This Redshirts book review was written by Ryan Lawler
Have you read Redshirts?
We've found that while readers like to know what we think of a book they find additional reader reviews a massive help in deciding if it is the right book for them. So if you have a spare moment, please tell us your thoughts by writing a reader's review. Thank you.
Redshirts reader reviews
Nadine from Austria
If this were a first novel, nobody would be making a fuss. Scalzi's writing is lazy, his characters bland, and the plot boring. Now one can argue he is doing that on purpose to be meta and poke fun at the tropes of Star Trek and similar science fiction series. However, does this justify writing a bad book? I don't think so. It seriously put me off Scalzi! Full review at: http://sffbookreview.wordpress.com/2012/07/25/john-scalzi-redshirts/
6/10 from 2 reviews
Write a reader review
Thank you for taking the time to write a review on this book, it really makes a difference and helps readers to find their perfect book.
More recommended reading in this genre
The Long Way to a Small Angry Planet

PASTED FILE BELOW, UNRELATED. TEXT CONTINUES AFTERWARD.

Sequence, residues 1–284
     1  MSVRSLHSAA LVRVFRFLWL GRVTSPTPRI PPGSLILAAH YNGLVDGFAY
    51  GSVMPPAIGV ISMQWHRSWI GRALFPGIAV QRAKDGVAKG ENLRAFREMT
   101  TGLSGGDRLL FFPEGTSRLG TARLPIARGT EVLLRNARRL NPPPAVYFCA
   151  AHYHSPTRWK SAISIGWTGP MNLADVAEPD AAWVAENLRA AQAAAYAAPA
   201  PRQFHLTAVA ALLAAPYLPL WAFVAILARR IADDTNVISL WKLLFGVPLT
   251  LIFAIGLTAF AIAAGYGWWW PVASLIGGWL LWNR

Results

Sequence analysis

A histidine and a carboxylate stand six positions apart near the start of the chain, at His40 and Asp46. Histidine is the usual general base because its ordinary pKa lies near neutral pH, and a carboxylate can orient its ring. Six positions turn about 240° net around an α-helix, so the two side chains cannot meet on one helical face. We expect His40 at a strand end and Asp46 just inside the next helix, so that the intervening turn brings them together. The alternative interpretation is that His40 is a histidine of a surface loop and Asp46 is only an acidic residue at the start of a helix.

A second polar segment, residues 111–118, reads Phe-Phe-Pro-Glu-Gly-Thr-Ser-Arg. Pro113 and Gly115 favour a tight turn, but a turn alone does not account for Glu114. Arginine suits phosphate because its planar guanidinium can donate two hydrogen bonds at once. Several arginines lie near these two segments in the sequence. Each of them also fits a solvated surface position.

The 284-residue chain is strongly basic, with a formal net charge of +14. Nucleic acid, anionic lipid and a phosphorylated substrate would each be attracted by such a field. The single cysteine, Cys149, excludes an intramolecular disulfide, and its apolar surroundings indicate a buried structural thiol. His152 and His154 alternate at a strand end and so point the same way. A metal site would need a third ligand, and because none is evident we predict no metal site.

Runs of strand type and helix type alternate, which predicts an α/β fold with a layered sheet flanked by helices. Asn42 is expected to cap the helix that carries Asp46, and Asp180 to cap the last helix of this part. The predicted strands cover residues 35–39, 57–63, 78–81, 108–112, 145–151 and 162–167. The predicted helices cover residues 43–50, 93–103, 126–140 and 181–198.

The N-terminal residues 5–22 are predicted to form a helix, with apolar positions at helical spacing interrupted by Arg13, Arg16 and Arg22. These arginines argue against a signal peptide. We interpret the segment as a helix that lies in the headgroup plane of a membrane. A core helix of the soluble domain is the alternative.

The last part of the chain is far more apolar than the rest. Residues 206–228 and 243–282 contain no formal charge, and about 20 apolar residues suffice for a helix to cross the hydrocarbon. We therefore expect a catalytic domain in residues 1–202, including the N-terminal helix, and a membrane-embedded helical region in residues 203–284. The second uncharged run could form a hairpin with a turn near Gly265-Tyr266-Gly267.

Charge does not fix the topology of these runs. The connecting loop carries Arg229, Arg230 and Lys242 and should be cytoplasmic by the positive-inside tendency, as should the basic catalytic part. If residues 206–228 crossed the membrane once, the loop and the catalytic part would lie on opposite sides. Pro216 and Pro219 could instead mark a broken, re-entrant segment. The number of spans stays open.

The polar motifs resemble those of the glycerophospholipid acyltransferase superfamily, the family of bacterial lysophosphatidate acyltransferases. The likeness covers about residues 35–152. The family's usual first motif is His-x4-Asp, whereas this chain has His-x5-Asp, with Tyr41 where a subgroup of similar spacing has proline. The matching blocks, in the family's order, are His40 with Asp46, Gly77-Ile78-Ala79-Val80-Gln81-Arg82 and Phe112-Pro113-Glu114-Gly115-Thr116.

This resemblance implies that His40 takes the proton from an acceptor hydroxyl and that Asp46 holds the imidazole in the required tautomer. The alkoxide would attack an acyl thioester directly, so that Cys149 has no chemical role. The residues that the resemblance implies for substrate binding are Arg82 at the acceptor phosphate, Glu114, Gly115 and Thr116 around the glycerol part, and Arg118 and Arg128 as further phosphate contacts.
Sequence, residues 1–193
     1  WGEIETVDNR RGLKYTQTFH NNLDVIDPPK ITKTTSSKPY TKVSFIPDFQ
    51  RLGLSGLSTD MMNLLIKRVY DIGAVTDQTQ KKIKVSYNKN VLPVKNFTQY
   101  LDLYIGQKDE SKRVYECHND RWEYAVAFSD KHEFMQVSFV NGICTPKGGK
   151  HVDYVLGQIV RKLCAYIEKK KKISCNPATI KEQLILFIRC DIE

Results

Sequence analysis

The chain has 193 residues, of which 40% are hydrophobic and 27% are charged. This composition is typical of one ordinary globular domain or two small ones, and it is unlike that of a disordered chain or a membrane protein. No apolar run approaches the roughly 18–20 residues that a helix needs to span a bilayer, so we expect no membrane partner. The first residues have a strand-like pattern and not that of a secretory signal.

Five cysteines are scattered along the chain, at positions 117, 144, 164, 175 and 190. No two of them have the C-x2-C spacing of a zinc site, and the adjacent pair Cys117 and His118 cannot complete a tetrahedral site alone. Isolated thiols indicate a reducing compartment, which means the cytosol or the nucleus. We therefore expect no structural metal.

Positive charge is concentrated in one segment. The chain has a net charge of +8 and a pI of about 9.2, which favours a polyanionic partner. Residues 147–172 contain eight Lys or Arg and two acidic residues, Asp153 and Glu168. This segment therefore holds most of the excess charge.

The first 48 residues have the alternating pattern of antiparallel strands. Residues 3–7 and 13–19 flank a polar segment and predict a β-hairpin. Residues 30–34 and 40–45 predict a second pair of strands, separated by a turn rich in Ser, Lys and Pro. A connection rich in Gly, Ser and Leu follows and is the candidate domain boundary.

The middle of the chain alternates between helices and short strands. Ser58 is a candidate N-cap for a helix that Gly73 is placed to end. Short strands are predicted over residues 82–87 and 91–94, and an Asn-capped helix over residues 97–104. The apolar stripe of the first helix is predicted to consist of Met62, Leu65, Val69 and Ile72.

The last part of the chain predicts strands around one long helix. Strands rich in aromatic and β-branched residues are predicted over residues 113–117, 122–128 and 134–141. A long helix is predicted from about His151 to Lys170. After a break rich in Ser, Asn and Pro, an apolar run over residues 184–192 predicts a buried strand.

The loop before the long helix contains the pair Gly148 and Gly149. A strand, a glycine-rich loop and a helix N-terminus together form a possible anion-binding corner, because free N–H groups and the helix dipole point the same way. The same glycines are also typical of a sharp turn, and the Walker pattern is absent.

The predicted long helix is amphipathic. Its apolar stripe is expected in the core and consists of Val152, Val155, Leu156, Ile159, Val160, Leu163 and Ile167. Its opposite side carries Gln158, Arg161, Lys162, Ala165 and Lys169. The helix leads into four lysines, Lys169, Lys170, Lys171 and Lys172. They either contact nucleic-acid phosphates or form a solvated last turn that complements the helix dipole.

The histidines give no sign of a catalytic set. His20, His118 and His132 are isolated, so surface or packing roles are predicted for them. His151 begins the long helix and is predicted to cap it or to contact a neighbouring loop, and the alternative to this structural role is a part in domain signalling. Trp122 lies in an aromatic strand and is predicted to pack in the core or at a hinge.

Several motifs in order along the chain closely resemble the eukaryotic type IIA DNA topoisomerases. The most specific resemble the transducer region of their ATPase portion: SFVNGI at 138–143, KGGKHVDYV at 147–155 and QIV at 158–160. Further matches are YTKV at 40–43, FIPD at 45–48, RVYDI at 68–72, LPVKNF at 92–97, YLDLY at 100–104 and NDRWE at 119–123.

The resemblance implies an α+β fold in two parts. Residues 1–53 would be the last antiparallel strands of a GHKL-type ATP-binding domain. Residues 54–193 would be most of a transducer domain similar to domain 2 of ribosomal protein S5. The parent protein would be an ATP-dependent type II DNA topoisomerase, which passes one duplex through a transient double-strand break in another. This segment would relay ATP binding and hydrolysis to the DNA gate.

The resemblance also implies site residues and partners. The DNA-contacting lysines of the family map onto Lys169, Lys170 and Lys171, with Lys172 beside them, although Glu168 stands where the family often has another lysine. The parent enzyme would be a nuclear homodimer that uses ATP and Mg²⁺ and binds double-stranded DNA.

When Rosemary Harper joins the crew of the Wayfarer, she isn't expecting much. The Wayfarer, a patched-up ship that's seen better days, offers her everything she co...
Marjorie B Kellogg
Set in the future on a distant world, Lear’s Daughters tackles the issues of global warming, pollution, exploitation of resources, and disastrous climate change. Long...
Iain M Banks
It begins in the realm of the Real, where matter still matters. It begins with a murder. And it will not end until the Culture has gone to war with death itself. Lededje Y&...
The burgeoning new economies in near-Earth space are fuelled by a steady stream of comets, steered back home by huge nuclear-powered mining ships like Bella Lind’s Ro...
The Naked God
Peter F Hamilton
The Confederation is starting to collapse politically and economically, allowing the 'possessed' to infiltrate more worlds. Quinn Dexter is loose on Earth, destroyi...
The very far future: The Galaxy is a drifting wreck of black holes, neutron stars, chill white dwarfs. The age of star formation is long past. Yet there is life here, feedi...
When Streaker - the first starship designed and crewed by dolphins - discovers a derelict ancient armada with evidence of the first sentient species ever, she sets off a wa...
For twelve thousand years the Galactic Empire has ruled supreme. Now it is dying. But only Hari Seldon, creator of the revolutionary science of psychohistory, can see into ...
James SA Corey
Humanity has colonized the solar system - Mars, the Moon, the Asteroid Belt and beyond - but the stars are still out of our reach. Jim Holden is XO of an ice miner making r...
An Ancient Peace
The centuries-long war between the Confederation and The Others, a group of violent alien species, is over. Intergalactic peace is finally restored. Torin Kerr and her crew...